Community, Features

Cards for Hospitalized Kids initiative connects BU students with children across the country

Cards for Hospitalized Kids
The Cards for Hospitalized Kids drop-off box in Towers residence. The community engagement initiative enables Boston University students to send handmade cards to hospitalized children across the country. TALIA LISSAUER/DFP STAFF

Calling all Boston University students — it’s time to take a study break and give back.

The Cards for Hospitalized Kids community engagement initiative at BU allows students to send handmade cards to hospitalized children across the country.

Liliane Duséwoir, a faculty in residence of Upper Bay State Road and a senior lecturer in the College of Arts and Sciences, will be in the Franklin Lounge in Towers on May 4 from 7 to 9 p.m. to host a “Cards for Hospitalized Kids meet up,” she wrote in an email.

Duséwoir brought Cards for Hospitalized Kids to BU this semester and wants to collect 2,000 cards to correspond to the 2,000 students living on UBSR. The activity is “a little study break” with a little something extra, she said.

“It’s so refreshing,” Duséwoir said. “Not only are you doing something with your hands, that’s entirely different, but you’re also emotionally connecting with something that’s much higher than you.”

Any interested students can sign out the supplies to make cards by asking the Residence Life Office for the Cards for Hospitalized Kids box in either Towers or 575 Commonwealth Ave, known as “HoJo.” Instructions and guidelines for what can be written in the cards are included with the box.

Card collection began in February, with kickoff events held in “HoJo” and the Franklin Lounge in Towers, Paul Hughes, assistant director of Residence Life for UBSR, said. That event brought in approximately 200 cards, according to Duséwoir.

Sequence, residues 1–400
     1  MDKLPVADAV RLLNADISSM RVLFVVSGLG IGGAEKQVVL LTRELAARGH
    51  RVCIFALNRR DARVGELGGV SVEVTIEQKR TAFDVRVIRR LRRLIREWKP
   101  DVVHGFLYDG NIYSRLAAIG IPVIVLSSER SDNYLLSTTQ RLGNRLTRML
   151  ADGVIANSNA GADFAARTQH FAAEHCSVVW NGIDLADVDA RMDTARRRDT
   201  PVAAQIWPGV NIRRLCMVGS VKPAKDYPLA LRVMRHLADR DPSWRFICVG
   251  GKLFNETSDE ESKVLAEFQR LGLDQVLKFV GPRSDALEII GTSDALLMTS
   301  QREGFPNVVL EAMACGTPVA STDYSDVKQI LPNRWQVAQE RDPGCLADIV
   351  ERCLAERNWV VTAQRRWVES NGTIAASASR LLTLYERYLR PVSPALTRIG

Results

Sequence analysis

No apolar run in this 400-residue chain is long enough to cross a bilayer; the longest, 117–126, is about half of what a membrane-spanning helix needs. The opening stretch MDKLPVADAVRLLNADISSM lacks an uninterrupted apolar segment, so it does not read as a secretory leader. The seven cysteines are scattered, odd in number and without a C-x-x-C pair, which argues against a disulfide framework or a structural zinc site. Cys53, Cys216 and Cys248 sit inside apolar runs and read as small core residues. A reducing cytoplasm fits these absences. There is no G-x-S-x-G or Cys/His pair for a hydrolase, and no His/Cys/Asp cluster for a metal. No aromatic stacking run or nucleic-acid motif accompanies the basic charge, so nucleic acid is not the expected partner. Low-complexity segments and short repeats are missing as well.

“It was a really wonderful kind of pilot to kind of see what worked,” Hughes said.

Duséwoir said she started Cards for Hospitalized Kids at BU after the pandemic ended her other community engagement projects.

“I decided to think about activities that could be an opportunity for students to get together, to relax and to chat and to do something meaningful at the same time,” Duséwoir said.

Hughes and Duséwoir chose the Cards for Hospitalized Kids initiative because Hughes said it “struck a chord” with the pair.

Tejasva Agarwal, the vice president of the UBSR Residence Hall Council and a junior in the College of Engineering, is “looking forward” to making more cards during the study break to “destress” as finals week approaches. As an RA at “HoJo,” he said he advertised the initial kickoff event to his residents, some of whom attended and made cards with him.

“I think it was just a good community like feeling, that we were doing something for the betterment of the community,” Agarwal said.

Agarwal said he made three cards and chose to write messages of gratitude for being able to connect with the kids, even though they will never meet in person.

“I just felt a good feeling … just to let them know that I’m here and I’m thinking about them,” Agarwal said.

Isaac Carrasco-Ortiz, UBSR resident and a junior in CAS, wrote happy messages and printed out photographs of his dog to glue to the cards, he said.

“It felt like a good way to … put a little bit of my heart into a card so that somebody else will be able to be happier,” Carrasco-Ortiz said.

Making cards for hospitalized children is what Duséwoir called a “double gift.”

“It just gives everybody so much perspective and humility, and just brightens your own onlook,” Duséwoir said.

The activity also provides an opportunity to make friends, she said.

“You’re suddenly around other people who are doing the same as you,” Duséwoir said. “You get to chat and then maybe you get to chat with somebody who shares something, or who sees the world differently from you, or who may become your best friend. Who knows?”

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